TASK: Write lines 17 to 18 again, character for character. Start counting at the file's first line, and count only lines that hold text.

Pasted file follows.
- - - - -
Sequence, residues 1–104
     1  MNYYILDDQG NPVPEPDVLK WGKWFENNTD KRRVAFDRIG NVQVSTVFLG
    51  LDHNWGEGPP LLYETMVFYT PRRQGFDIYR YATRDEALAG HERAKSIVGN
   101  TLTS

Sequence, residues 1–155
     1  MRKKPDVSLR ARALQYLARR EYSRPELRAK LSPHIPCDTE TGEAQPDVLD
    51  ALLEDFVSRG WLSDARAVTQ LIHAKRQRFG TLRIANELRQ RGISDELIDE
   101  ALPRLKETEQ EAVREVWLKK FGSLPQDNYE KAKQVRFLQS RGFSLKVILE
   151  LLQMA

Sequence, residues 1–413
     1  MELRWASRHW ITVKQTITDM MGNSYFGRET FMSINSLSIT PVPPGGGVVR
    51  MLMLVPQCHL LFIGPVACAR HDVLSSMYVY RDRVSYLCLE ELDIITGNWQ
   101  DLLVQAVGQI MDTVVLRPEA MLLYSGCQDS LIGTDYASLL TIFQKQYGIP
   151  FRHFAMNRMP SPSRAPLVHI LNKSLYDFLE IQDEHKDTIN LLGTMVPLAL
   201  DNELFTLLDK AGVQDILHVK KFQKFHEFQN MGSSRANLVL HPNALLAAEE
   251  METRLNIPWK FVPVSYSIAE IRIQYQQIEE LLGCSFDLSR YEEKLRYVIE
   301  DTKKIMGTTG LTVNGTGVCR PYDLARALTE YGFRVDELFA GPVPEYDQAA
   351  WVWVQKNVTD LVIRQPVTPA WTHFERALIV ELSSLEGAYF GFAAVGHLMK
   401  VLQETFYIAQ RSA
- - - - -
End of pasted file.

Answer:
   301  DTKKIMGTTG LTVNGTGVCR PYDLARALTE YGFRVDELFA GPVPEYDQAA
   351  WVWVQKNVTD LVIRQPVTPA WTHFERALIV ELSSLEGAYF GFAAVGHLMK